4. Make everyone’s role in a project utterly explicit – there are only 5 roles. One person is responsible & accountable; other people (as few as possible) are required to support the project; a few more need to be consulted; one person – a small working group if you insist – signs the project off; somebody keeps everyone informed and organized.
  5. Spend one fifth of your time determining and monitoring the, maximum 5, KPI’s (Key Performance Indicators). Any sporting team or coach will tell you that performance only changes when you change what you measure. Mark Twain told us many years ago,  “If you measure what you always measure you get what you always got” or words to that effect. One the biggest causes of interminable PPT presentations is that the KPI’s are not highly selective, laser sharp and targeted to an outcome.

I only allowed myself 5 points but hey, everyone cheats, so here is my bonus item. Apply some of the workshop protocols to the way you run meetings back at the ranch. Here are just a few of the golden rules of workshops:-

One person has prepared for the workshop and runs it to a pre-determined timetable and desired outcome.

People are disciplined to say what they think and then explain why – not the other way around.

There is a warm up where people can get things off their chest and issues out in the open (these can be any issues not just topic related). Having done so they are better able to listen and participate.

Post-it notes are actually of great use – forces you to capture the thought concisely, acts as a record, can be moved around and grouped with related ideas or issues etc etc.

PowerPoint is kept to a minimum and other stimulus and visual aids are used. Background material is pre-circulated (see point about preparation above).

A decent facilitator never allows a session to run for more than 90 minutes without a break or change of attack. There is a reason for this. They also ensure everyone gets a chance to contribute using a variety of techniques the most simple of which is just to break the people down in twos or threes and get them to share what they think and feed it back.

I could go on so just try this for yourself. In the next workshop, one that you really enjoy, just think about how much of the process could be used in real life.

Marketing is hard enough – make running it simpler. High 5!

 

 

 

 

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Big Bang Marketing

mark6Grabber of a headline but probably not what you think. I was running a strategy session in New York last week and I came up with a new opener that worked well in terms of raising the energy level and shaking up the thinking. I got the idea from listening to a programme on Radio 4 the night before while I was fighting to try to get back to sleep. It featured a panel of scientists, including the rockstar physicist Brian Cox, talking about what came before the Big Bang.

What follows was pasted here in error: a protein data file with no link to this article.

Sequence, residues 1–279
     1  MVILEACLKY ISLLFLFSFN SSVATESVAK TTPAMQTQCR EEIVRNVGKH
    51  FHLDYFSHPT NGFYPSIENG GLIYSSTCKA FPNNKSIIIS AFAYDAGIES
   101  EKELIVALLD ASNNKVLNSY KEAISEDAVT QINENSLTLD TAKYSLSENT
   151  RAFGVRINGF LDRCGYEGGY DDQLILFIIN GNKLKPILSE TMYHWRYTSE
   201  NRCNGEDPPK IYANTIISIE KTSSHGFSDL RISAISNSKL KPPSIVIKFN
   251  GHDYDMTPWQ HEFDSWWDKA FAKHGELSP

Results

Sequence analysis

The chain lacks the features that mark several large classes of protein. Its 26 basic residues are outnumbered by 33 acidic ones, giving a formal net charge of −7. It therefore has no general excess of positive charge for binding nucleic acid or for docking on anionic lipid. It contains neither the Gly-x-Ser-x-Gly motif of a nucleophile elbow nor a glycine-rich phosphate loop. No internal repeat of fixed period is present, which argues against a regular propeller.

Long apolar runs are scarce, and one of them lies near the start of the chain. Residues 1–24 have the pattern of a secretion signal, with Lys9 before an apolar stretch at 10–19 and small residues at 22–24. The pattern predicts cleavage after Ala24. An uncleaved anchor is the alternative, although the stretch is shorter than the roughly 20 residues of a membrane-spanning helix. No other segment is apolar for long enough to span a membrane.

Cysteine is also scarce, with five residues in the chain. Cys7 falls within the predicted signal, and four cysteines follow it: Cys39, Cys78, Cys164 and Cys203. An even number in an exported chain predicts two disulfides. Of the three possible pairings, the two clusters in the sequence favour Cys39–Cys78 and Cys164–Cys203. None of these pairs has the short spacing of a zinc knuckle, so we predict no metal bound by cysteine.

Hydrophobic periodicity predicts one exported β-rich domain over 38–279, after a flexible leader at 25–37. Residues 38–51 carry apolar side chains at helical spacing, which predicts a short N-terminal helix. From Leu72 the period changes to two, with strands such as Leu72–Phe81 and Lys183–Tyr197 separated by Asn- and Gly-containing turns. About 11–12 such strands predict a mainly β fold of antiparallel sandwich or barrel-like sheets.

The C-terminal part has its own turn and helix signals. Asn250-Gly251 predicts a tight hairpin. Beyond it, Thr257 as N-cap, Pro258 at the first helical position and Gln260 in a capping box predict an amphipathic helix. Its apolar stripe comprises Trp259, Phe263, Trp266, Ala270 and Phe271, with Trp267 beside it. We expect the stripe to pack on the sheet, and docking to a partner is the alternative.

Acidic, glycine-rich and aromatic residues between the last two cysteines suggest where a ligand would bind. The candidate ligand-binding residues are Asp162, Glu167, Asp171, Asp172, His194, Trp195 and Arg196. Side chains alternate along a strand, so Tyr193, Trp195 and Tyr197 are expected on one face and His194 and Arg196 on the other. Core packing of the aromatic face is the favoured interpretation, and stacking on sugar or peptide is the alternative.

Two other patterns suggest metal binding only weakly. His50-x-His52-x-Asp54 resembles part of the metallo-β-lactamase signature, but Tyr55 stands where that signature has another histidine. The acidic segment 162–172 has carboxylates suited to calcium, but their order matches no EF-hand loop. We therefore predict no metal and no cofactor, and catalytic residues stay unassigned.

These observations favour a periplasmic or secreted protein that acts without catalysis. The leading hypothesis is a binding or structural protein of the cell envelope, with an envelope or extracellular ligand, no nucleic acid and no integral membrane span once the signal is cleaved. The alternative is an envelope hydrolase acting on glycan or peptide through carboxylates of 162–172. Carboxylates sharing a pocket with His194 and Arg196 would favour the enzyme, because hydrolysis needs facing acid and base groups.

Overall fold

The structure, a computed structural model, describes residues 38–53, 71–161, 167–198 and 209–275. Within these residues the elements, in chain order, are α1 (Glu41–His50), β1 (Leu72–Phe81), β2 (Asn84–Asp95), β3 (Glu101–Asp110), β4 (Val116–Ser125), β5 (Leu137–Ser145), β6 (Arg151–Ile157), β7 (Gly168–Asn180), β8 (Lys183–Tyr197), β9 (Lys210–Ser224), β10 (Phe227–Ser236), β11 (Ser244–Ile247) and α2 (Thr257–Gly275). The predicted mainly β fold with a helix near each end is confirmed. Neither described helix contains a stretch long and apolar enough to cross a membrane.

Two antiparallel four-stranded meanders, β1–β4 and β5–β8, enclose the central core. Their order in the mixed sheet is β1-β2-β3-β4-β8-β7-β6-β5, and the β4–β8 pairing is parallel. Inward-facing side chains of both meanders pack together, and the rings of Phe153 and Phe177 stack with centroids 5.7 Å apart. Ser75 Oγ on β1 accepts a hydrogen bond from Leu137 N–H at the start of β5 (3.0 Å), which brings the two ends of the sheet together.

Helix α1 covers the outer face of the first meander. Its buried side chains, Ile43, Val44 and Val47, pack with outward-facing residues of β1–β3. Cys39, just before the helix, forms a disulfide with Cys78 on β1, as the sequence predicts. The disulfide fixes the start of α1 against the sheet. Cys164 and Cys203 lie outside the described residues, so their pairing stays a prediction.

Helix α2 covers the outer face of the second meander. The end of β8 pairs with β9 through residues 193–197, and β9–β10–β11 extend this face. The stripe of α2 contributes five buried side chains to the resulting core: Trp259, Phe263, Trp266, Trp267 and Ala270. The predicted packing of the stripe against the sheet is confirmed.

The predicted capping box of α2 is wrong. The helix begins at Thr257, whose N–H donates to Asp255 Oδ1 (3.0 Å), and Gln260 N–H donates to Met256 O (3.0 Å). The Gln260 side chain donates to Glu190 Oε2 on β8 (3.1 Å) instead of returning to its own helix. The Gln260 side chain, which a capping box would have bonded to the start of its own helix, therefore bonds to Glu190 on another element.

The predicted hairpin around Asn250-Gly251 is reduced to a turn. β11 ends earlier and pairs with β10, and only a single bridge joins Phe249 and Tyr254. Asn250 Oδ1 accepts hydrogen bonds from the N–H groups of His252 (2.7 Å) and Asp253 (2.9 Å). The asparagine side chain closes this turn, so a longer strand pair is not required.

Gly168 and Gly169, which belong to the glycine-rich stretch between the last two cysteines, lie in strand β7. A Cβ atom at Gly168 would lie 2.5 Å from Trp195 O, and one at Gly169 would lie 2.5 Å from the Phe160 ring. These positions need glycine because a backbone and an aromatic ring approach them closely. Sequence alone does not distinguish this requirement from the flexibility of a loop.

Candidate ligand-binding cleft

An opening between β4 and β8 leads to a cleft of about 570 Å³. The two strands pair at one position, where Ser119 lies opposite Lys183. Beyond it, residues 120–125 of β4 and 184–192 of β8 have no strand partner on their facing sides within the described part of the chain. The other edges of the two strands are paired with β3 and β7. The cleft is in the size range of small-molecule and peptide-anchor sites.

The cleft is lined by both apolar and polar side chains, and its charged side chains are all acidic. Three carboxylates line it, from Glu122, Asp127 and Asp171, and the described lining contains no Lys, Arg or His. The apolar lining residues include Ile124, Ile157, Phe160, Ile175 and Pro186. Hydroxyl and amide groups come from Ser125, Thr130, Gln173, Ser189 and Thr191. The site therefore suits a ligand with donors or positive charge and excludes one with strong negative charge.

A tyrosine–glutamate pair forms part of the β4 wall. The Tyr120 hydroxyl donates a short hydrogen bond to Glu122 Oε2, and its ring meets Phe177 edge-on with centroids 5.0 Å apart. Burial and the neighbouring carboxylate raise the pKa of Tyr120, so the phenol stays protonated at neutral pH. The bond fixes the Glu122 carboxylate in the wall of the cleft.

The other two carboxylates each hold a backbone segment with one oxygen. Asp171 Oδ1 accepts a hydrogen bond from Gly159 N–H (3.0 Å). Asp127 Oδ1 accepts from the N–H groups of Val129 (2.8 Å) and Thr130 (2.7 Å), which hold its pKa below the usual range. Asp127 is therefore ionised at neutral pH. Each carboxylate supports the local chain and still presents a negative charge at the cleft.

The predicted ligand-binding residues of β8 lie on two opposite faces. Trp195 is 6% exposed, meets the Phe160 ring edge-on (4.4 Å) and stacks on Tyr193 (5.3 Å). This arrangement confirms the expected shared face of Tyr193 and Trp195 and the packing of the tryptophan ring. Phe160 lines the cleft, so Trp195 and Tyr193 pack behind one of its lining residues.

This is a subject I had looked at before when I was researching a book I was writing called “God’s Marketing Brief” (it’s on Amazon but I really don’t recommend it unless you too are struggling to sleep at night). Despite the fact that I flunked out of Physics aged 15 years I am actually quite fascinated by the Big Bang. The two sides of physics, the General Theory of Relativity (gravity, light, time etc, the big stuff) and Quantum Physics (atoms, protons, quarks etc, the really small stuff) can explain everything from just after the Big Bang, which was roughly 13.7 billion years ago. When I say just after the Big Bang I mean 0.00000000000000000000000000000000000001 of second after, or 10 to the power of -37 of a second. Now that is not long is it?

Science can also explain quite a lot about where the universe is now and where it is going. The most important thing it supports is that the universe continues to expand, and going back to the Big Bang it was not actually a very loud noise, it was in fact the moment when the universe started to expand. It did so very rapidly at first, explosively fast, so I suppose that is kind of like a ‘bang’.

Bear with me here – I am going to talk about marketing soon. One thing about which scientists speculate but cannot prove is that there may very well have been a series of “Big Bangs” in those very first milliseconds, which could mean, theoretically, that the ‘Big Bangs’ gave rise to an infinite number of parallel universes.

Hang on in there – one last point to make. For reasons that would take too long to explain (alright, I admit it, for reasons I don’t entirely understand) the scientists cannot reconcile the General Theory of Relativity (big stuff) and Quantum Physics (small stuff). They explain the big stuff and the small stuff but they don’t explain each other. That is where String Theory comes in, or as it is sometimes called ‘The Theory of Everything’ (I am not making this up – check it out on Wiki). String Theory poses that little tiny atoms, the really, really small stuff, are not little dots but are long stringy things. But even more curiously, String Theory suggests that there must be at least 10 dimensions – another 6 plus dimensions beyond the 4 we know about (3D plus time).

Relax, we are done with the physics. In fact to lighten the air you might recall that Sheldon in “The Big Bang Theory” is studying String Theory – quite brilliant and quite mad.

So, I explain all this to my folk in the strategy session and invite them to see if it gives them any insights on what we are about to do – which is to develop a new strategy for a recently acquired business.

Well, let me help you, as I helped them.

1. It is worth looking back in time if it helps explain the future but beyond a certain point, the Big Bang, who cares?